For years, it has been assumed that the Democratic Party had a distinct demographic advantage over the Republicans: Younger and non-White voters — two groups that have some significant overlap — preferred Democratic candidates by wide margins. Over time, and as America grew more diverse, that might lead to a dominant, left-leaning coalition.
The election of Barack Obama in 2008 seemed to be a manifestation of this emerging dominance, triggering consternation on the right. But polling from Gallup released Wednesday suggests that 2020 was another tipping point: Those voters, reliably supportive of Democrats, have started shifting right.
Gallup surveys thousands of Americans a year, generating annual averages of how different groups view politics and political issues. That includes assessments of individual partisanship, with respondents asked whether they identify as Democrats, Republicans or independents. The growth in independent identification over time has led to a bit of refinement: Since many independents tend to vote with one party or the other, respondents are asked which party they might lean toward.
The result is that, for various demographic groups, Gallup has estimates of how much more or less likely its members are to identify as Democrats (or Democrat-leaning independents) than as Republicans (or Republican-leaning independents). That data goes back decades, allowing us to visualize the gap over time.
We break out different categories in a second, so don’t worry about tracking individual lines right below. But do notice that there are broad patterns, with most lines swinging first to the right (during the administration of George W. Bush) and then back to the left in the Obama era. Since then, trends are harder to pick out — except that very obvious recent rightward swing among Black respondents, the line at far left.
Isolating racial groups, we see that it isn’t only Black Americans but also Hispanic Americans who have shifted right since 2020. Again, this is the margin between those who identify as Democrats and Republicans (plus leaners), so it’s a bit exaggerated: a 1-point swing from Democrat to Republican is a 2-point shift in the margin. (Democrats minus one; Republicans plus one.)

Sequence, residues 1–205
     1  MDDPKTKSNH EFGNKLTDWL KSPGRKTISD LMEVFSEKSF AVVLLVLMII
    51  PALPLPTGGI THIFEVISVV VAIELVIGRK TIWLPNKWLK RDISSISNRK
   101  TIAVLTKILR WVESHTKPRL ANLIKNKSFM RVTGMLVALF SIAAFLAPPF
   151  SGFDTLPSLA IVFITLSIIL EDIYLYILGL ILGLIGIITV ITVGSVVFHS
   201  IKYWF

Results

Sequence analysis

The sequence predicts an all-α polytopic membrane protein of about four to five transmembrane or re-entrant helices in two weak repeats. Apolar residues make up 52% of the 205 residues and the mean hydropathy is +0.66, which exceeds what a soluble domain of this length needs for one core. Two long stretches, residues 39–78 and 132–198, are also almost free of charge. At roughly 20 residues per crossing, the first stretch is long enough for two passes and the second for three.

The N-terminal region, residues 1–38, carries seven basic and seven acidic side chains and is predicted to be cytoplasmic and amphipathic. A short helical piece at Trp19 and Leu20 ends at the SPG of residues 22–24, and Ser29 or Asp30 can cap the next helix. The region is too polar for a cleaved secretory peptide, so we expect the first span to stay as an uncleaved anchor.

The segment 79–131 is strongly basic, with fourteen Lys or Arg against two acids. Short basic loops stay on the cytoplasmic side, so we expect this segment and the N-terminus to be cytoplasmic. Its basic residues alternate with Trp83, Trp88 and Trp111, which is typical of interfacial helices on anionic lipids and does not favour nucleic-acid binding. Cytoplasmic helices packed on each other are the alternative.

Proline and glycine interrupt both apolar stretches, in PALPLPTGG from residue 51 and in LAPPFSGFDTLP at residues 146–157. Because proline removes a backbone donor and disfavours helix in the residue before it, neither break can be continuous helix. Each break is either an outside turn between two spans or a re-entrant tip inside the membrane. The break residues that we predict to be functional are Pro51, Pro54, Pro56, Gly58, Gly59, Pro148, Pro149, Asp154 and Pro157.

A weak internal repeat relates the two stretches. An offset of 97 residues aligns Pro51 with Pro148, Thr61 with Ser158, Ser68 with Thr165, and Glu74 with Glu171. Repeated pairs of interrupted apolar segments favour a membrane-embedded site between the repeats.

You might also notice that White Americans also have been drifting more to the right in recent years, though more subtly.
If we isolate responses by age, we see an interesting pattern. The gap in partisan identification between old and young really widened in the Obama era, lasting for more than a decade. But in recent years, again largely since 2020, it has narrowed. The youngest Americans are still the most heavily Democratic, but the difference between them and the most-Republican age group (those ages 50 to 64) is only 18 points. (In 2016, it was 35 points.)
There are also interesting shifts by education, though they are a bit hard to spot below. Notice how the line for college graduates begins at the far right in 1999 before shifting to the left over time. The solid line, those with no college experience, begins at the far left in 1999 and slowly moves dramatically to the right.
We can visualize some of these shifts (including the one on education) more clearly by looking at the change in margins since 2008, the year Obama was elected.
Again, here’s every group. Notice that most of the lines have dropped; the margin has shifted to the Republicans since 2008.
The exceptions are the two most-educated cohorts. Those with college degrees are the only ones who are more Democratic in their identification than they were 15 years ago. Those without degrees have shifted to the right — in the case of those with no college experience, quite dramatically.
Gallup’s data on Hispanic identification doesn’t go back to 2008, making this comparison impossible to do. But we can see the change among White and Black Americans, the latter of whom have, again, shifted the most dramatically to the right.
There are certainly a number of factors at play here that, for the sake of brevity, we can leave to others. It is also the case that shifts in one direction are often followed by shifts in the other direction, as the first chart above demonstrates.
Entering the 2024 general election season, though, it seems safe to say that the Democratic coalition one might have expected to see by this point in the country’s progression has not manifested as predicted. President Biden’s reelection prospects remain tenuous, with his team clearly hoping that he’ll still be able to rely on the constituencies that made him vice president in 2008. But if he does win a second term in office, it may be with a very different coalition of voters.